There’s a lot of pressure heaped on the first delight to christen this blog. Is this the thing that is superlatively delightful above all else? Is there a ranking system? No, no, no. The delights of The Delighted Life are in no order. Some of them are more overpoweringly delicious than others (not all delights are created equal), but there is no rank or value system.
Several years ago I made a three-day getaway to that well-known vacation destination, St. Peter, Minnesota. (Any one who has been there is laughing now.) I was at the end of a semester of master’s work and I needed a place that was cheap, not too far away, and where no one would bother me. Since St. Peter is also the location of my alma mater, I thought an excursion there might put me in study mode.
Though it was many years ago, I vividly remember the afternoon run that I took one day as I tried to jolt myself out of a Justin Martyr-induced research coma. As I jogged along the streets of St. Peter I was overcome by the most powerful, exhilarating aroma: the lilacs were in bloom. The endorphins mixed with the fragrance and I was intoxicated.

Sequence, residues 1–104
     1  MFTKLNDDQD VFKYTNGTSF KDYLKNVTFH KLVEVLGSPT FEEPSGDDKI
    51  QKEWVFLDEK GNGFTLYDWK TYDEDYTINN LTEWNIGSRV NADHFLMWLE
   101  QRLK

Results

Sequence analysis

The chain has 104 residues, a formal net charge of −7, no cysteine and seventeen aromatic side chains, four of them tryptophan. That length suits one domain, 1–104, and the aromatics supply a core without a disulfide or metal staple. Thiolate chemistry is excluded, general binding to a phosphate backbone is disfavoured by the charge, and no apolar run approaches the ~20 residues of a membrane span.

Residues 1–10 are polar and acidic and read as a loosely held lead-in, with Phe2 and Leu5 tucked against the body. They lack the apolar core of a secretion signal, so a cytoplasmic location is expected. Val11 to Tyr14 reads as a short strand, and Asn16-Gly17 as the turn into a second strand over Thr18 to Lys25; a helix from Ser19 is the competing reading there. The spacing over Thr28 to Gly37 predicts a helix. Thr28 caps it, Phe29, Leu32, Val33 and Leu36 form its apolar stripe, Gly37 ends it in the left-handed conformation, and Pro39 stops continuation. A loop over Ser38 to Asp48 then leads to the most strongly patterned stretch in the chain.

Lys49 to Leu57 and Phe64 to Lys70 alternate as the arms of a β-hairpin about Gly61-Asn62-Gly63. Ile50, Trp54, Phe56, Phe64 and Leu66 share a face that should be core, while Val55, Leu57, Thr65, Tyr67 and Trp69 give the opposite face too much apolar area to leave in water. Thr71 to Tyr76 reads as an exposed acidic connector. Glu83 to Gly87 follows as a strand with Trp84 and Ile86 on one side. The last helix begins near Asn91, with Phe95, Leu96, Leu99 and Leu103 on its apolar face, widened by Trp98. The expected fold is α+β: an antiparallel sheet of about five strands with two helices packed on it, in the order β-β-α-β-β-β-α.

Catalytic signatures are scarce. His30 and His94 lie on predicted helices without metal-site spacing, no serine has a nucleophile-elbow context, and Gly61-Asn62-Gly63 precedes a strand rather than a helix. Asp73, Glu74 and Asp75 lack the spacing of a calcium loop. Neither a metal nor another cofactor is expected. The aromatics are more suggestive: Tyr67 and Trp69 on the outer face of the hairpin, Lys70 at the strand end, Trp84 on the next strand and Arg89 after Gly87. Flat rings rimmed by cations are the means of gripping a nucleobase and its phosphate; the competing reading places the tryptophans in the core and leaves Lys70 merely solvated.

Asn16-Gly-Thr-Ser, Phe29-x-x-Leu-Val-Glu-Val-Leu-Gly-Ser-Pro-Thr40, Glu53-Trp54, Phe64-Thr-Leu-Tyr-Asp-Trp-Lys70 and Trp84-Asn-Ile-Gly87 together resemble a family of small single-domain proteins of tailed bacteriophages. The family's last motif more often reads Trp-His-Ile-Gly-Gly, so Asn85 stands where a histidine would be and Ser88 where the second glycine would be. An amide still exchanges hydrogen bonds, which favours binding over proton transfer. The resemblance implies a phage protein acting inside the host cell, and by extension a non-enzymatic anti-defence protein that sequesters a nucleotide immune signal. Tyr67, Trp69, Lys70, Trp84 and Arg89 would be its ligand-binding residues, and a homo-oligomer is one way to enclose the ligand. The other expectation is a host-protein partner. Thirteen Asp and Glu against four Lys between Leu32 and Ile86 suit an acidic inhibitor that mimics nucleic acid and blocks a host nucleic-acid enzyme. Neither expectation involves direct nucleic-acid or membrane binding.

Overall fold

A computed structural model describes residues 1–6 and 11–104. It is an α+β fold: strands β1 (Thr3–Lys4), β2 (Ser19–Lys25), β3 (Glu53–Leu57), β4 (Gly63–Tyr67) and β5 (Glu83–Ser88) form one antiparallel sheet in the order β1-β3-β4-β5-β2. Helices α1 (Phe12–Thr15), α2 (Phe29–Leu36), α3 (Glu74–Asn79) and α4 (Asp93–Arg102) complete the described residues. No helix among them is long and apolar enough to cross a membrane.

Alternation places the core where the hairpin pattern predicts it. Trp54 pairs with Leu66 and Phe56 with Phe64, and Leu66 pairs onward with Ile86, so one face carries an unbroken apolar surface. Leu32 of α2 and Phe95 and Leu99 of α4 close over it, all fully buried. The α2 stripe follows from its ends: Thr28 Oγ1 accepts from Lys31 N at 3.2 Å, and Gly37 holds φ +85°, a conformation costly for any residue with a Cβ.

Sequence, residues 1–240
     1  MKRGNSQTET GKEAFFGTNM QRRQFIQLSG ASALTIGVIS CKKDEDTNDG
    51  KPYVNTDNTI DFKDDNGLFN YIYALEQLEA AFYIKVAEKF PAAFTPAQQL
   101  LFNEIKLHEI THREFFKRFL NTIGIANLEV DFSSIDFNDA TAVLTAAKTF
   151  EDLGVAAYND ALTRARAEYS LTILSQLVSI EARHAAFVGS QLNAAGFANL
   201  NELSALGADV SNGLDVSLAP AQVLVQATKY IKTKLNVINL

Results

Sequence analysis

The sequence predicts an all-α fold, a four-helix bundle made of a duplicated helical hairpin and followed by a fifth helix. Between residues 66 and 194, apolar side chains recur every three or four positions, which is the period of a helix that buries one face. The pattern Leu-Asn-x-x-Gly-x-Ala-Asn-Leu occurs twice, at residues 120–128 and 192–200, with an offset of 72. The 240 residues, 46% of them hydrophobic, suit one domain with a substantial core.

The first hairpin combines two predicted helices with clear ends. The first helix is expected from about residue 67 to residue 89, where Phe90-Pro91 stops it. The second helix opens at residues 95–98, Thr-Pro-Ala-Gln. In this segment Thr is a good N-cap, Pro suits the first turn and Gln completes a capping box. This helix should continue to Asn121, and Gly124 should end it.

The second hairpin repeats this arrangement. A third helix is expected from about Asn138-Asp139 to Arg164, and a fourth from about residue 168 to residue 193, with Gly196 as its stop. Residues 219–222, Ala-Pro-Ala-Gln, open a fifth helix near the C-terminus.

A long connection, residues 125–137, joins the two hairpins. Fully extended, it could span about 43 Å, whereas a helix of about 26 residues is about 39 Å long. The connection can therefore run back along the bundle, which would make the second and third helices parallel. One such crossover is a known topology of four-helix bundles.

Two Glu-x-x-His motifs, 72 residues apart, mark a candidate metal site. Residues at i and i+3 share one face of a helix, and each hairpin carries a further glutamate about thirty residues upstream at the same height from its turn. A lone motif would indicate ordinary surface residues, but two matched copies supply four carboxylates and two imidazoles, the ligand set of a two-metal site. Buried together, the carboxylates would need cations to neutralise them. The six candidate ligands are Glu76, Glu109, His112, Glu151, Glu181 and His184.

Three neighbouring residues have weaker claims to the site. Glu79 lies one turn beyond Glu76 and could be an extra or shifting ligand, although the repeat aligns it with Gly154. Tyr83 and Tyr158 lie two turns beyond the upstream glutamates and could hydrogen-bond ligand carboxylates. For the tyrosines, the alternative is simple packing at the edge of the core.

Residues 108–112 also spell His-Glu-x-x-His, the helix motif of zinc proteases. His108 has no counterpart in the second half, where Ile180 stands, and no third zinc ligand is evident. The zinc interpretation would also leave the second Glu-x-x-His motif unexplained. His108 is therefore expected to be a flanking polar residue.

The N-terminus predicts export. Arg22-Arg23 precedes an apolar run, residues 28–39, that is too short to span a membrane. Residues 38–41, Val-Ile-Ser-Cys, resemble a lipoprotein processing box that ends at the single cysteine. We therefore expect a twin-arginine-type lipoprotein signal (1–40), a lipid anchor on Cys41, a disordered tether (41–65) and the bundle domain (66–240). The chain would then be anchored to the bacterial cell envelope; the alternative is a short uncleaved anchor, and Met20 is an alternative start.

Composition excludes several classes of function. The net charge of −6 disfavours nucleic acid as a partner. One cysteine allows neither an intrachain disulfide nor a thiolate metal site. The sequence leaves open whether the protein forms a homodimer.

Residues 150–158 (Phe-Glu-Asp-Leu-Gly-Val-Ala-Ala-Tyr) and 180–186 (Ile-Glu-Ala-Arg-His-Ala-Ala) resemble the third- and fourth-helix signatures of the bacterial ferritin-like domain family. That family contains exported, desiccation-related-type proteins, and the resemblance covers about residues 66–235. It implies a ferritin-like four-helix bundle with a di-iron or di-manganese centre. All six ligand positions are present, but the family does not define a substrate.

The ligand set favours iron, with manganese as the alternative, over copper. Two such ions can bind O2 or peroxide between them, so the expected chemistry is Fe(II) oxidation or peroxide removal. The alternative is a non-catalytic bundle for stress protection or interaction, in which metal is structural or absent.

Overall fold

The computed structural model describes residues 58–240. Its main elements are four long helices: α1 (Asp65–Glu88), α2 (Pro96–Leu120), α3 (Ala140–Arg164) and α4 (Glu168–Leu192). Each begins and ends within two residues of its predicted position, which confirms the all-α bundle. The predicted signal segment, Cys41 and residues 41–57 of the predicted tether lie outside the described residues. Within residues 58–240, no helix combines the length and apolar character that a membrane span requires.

When I got back to the big city (ha) I was relating the experience to my dad. I didn’t imagine he would care too much about it, as he usually brushes off my little observations with a polite ‘huh,’ as he’s on to bigger and more important topics, like the Fox News issue du jour. And I was really just making conversation.
I was wrong. Suddenly his eyes sort of lit up and he launched off about the smell of lilacs and his memories of the dark purple-flowered trees that dotted his childhood yard and neighborhood.
“We should get some. I wonder if we could grow them. We’d need a lot.”
Recognizing our mutual love, I encouraged the quest, and we bought seven small lilac trees that season. I suggested it might be nice to intersperse a white and pink tree, but he was stalwart against the very idea, being wholly committed to a full, exclusively dark purple lilac wall that, with any luck would, as he said, “make the whole neighborhood smell.”
Five years later we are still praying for those little guys to flower. But in my Philadelphia neighborhood, the lilacs follow the magnolias like a rotating theatrical schedule. Exit magnolias, tulips slide off the stage gradually, and lilacs step out for their debut. As I pass these robust trees (with a twinge of jealousy) I am tempted and compelled to stop and mash my face into the blooms to drink deep this transcendent fragrance. So far I have been able to restrain myself (I mean, what would the neighbors say?), but not without some conscious effort.